|Antonio Carlos Jobim|
|Monday, 23 March 2009 10:22|
Antônio Carlos Brasileiro de Almeida Jobim
Born: January 25, 1927 in Rio de Janeiro
Died: December 8, 1994 in New York
Cause of death: Heart failure
Notable because: Author of the most widely heard Brazilian music .
Antônio Carlos Brasileiro de Almeida Jobim also known as Tom Jobim, was a Grammy Award-winning Brazilian songwriter, composer, arranger, singer, and pianist/guitarist. A primary force behind the creation of the bossa nova style, Jobim is acknowledged as one of the most influential popular composers of the 20th century. His songs have been performed by many singers and instrumentalists within Brazil and internationally.
Jobim's musical roots were planted firmly in the work of Pixinguinha, the legendary musician and composer who began modern Brazilian music in the 1930s. Jobim was also influenced by the French composers Claude Debussy and Ravel, and by jazz. Among many themes, his lyrics talked about love, political repression, betrayal, and especially about the natural beauties of Brazil, like the "Mata Atlântica" forest, birds like the Matita Perê, and his home city of Rio de Janeiro.
Jobim became prominent in Brazil when he teamed up with poet and diplomat Vinicius de Moraes to write the music for the play Orfeu de Conceição (1956). The most popular song from the show was "Se Todos Fossem Iguais A Você" ("Someone to Light Up My Life"). Later, when the play was turned into a film, producer Sacha Gordine did not want to use any of the existing music from the play. Gordine asked de Moraes and Jobim for a new score for the film Black Orpheus (1959). Vinicius was at the time away in Montevideo, Uruguay, working for the Itamaraty (the Brazilian Ministry of Foreign Affairs) and so he and Jobim were only able to write three songs, primarily over the telephone ("A Felicidade", "Frevo",and "O Nosso Amor"). This collaboration proved successful, and Vinicius went on to pen the lyrics to some of Jobim's most popular songs.
A key event in making Jobim's music known in the English speaking world was his collaboration with the American jazz saxophonist Stan Getz, João Gilberto and Gilberto's wife at the time, Astrud Gilberto, which resulted in two albums, Getz/Gilberto (1963) and Getz/Gilberto Vol. 2 (1964). The release of Getz/Gilberto created a bossa nova craze in the United States, and subsequently internationally.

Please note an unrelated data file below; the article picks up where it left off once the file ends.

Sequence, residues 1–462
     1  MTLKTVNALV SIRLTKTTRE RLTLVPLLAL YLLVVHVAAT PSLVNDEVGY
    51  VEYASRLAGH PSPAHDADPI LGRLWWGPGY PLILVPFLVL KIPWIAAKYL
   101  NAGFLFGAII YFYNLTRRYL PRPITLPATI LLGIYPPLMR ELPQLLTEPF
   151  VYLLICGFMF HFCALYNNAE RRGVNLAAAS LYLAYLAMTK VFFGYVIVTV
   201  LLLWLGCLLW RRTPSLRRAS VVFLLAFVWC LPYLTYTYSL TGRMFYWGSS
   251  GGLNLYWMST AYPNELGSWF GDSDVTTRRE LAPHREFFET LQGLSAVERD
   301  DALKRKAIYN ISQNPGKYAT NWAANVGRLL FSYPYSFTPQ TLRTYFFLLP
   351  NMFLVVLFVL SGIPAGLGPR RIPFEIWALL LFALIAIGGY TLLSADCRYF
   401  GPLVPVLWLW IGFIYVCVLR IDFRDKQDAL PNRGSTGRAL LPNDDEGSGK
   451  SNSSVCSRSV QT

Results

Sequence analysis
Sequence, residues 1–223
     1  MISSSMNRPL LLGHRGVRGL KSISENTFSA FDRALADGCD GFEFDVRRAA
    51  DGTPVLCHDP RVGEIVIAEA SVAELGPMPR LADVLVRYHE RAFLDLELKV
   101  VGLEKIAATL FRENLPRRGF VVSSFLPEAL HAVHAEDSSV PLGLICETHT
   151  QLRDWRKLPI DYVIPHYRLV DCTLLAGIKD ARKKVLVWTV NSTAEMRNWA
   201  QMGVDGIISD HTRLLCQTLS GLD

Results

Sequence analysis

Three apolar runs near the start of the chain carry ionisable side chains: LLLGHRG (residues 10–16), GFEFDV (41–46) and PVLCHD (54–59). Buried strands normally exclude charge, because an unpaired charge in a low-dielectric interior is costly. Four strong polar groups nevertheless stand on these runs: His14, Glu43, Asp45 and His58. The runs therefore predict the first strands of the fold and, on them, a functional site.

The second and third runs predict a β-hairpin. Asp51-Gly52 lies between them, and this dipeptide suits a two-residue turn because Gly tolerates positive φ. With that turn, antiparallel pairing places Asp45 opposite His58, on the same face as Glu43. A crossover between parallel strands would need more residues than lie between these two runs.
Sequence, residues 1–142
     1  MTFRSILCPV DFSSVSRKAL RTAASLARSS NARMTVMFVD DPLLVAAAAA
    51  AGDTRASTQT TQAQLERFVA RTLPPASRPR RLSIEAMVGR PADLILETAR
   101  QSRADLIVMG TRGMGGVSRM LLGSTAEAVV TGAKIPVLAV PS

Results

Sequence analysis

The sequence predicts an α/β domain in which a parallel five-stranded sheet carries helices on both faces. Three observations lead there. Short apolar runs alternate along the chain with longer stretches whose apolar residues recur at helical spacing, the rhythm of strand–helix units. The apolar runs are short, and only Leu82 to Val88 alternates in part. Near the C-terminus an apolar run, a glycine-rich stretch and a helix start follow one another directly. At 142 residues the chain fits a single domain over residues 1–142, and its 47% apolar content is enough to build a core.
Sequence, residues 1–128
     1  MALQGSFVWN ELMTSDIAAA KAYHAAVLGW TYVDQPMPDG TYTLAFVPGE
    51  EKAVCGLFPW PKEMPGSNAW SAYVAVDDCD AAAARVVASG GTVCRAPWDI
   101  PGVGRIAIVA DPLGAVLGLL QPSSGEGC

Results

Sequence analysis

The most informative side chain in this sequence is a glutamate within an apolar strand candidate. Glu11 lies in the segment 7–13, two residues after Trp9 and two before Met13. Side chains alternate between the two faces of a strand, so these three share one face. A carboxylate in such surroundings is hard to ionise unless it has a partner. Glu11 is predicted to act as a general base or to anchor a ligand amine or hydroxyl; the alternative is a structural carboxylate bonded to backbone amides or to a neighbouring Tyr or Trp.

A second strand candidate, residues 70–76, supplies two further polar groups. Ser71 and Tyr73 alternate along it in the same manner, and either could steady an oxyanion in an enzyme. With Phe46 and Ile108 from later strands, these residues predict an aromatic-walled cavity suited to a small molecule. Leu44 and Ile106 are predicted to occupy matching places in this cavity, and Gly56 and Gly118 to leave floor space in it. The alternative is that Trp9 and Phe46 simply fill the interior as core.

Getz had previously recorded Jazz Samba (1962), and Jobim wrote many of the songs on Getz/Gilberto, which became one of the best-selling jazz albums of all time, and turned Astrud Gilberto, who sang on "The Girl from Ipanema" and "Corcovado", into an international sensation.
At the Grammy Awards of 1964 Getz/Gilberto won the Grammy Award for Album of the Year, Grammy Award for Best Jazz Instrumental Album, Individual or Group and the Grammy Award for Best Engineered Album, Non-Classical. "The Girl from Ipanema" won the award for Grammy Award for Record of the Year.
Jobim remained musically productive until his 1994 death from heart failure; his last album, Antonio Brasileiro, was released posthumously. He is buried in the Cemitério São João Batista in Rio de Janeiro.
Many of Jobim's songs are jazz standards in America. American jazz singers Ella Fitzgerald and Frank Sinatra prominently featured Jobim's songs on their albums Ella Abraça Jobim (1981), and Francis Albert Sinatra & Antonio Carlos Jobim (1967), respectively. Other notable performers of Jobim songs include Toninho Horta, Andy Williams, Lambert, Hendricks, & Ross, Tony Bennett, Rosemary Clooney, Diana Krall, Claudine Longet, Sting, and George Michael. Carlos Santana's 1970s album Caravanserai included a version of Jobim's "Stone Flower." The 1996 CD Wave: The Antonio Carlos Jobim Songbook included performances of Jobim tunes by Oscar Peterson, Herbie Hancock, Chick Corea, and Toots Thielemans. Contemporary jazz performer Jane Monheit sang "Waters of March" ("Águas de Março") on her CD Come Dream With Me.
The Brazilian collaborators and interpreters of Jobim's music include João Gilberto (often credited as a co-creator of bossa nova), Chico Buarque, Gal Costa, Elis Regina, Sergio Mendes, Astrud Gilberto, and Flora Purim. Eumir Deodato and the conductor/composer Claus Ogerman arranged many recordings of Jobim tunes.
The Rio de Janeiro airport was renamed the Galeão - Antônio Carlos Jobim International Airport in his honor.
|Last Updated on Monday, 23 March 2009 10:29|